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Spinal Stenosis

Spinal Stenosis is a common condition seen associated with arthritis and degenerative changes of the spine. It results in narrowing of the spinal canal through which the spinal cord and the nerve roots pass. With the degenerative changes that take place, many structures inside the spinal canal enlarge leaving less space for the nerve roots. Patients are usually in their 6o’s or 70′s and have noticed difficulty in walking with pain(neurogenic claudications). The disease process is slow and progressive so the changes can be noticed over one or two years. However some patients may report rapid progress of pain and walking difficulty over a few short months.

The spinal column consists of square bony elements called the vertebra. Between each vertebrae an intervertebral disc exists that acts as a cushion between each segment. Between each segment, few joints exist that allow some motion, and are called the facet joints. Ligaments help hold the structure of the spine together and the most prominent one is called the yellow ligament (Ligamentus Flavum).

As our bodies grow older, the structure of our spines will undergo wear and tear or degenerative changes. This includes the breakdown of disc and arthritis of the facet joints. In an attempt to stabilize the spine, our body will enlarge the facet joints, as well as the yellow ligament. This attempt to stabilize comes with the price of smaller space available for the nerve roots and is the basis for spinal stenosis. The degenerative disc changes seen may also cause bulging of the discs and further decreasing the size of the spinal canal.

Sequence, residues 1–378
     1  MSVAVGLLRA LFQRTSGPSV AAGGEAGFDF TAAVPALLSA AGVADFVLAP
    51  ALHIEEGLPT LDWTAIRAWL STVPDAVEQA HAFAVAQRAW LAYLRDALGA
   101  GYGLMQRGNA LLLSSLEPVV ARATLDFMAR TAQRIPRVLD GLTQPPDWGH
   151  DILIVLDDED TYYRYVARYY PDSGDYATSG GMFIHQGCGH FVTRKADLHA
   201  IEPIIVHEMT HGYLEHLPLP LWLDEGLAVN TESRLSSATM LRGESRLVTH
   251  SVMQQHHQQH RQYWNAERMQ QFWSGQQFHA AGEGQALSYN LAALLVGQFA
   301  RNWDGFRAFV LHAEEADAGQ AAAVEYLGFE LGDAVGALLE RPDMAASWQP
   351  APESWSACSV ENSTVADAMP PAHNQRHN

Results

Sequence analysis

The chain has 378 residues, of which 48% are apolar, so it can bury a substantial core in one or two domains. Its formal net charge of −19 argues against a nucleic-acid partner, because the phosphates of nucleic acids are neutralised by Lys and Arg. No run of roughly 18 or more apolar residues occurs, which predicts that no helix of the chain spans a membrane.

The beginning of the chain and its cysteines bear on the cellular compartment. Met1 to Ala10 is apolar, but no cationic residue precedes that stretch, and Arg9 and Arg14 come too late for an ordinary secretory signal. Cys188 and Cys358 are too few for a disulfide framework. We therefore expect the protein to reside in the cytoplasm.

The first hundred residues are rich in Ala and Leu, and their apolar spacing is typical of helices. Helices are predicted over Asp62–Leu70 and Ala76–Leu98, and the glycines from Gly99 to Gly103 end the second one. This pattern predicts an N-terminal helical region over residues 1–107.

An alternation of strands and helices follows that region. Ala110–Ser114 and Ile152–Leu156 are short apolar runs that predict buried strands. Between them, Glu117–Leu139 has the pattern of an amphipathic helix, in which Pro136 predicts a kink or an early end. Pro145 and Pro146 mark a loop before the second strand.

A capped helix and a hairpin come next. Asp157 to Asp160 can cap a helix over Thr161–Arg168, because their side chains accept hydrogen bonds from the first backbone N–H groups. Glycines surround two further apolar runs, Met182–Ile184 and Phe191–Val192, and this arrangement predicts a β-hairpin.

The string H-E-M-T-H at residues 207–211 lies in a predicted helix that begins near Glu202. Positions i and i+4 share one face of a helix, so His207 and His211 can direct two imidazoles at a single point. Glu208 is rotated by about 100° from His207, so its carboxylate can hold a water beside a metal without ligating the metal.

Classically, patients will present complaining of difficulty walking, pain and stiffness in the legs. To get relief of the pain they must stop and rest. They may only be able to walk one or two blocks before the onset of pain. The described pain is a feeling of pressure, dull pain, and discomfort in the legs. Back pain is not the major complaint in most cases. The yellow ligament is tighter and thinner when stretched, and this occurs as the patients’ bends forward. For this reason patients will find some relief from a bending posture. Walks in the supermarket while pushing a cart in a bending position will give marked pain relief and ability to walk for longer periods. Bicycling and sitting will also provide relief since a bending posture is necessary for these activities.

Usually the diagnosis is made based on history and physical examination. However, diagnostic studies will be performed for confirmation. These may initially include an x-ray or an MRI. The most common level of involvement is the lower lumbar areas of L-4, L-5, and S-1. Some patient will require other studies for improved accuracy in diagnosis. For these patients we resort to Myelograms and CT scans. Since this is mostly a bony problem, the CT scan is utilized for better visualization of the bony anatomy. Patients with certain types of implant will not be able to undergo an MRI and the Myelogram/CT scan will be provided as the first test. The picture to the right represents an MRI of a normal person. The white structure in the middle represents the nerves passing within the spinal canal being surrounded by spinal fluid. In contrast, the picture below, represents an MRI of a person with Spinal Stenosis. No white area could be seen in the area which means there is no flow to the spinal fluid around the nerves in that area. That section is so stenotic (or tight) which does not allow free flow to the fluid bathing the nerves. In consequence there is also pressure on the neural structures causing the dysfunction normally seen in patients afflicted with Spinal Stenosis.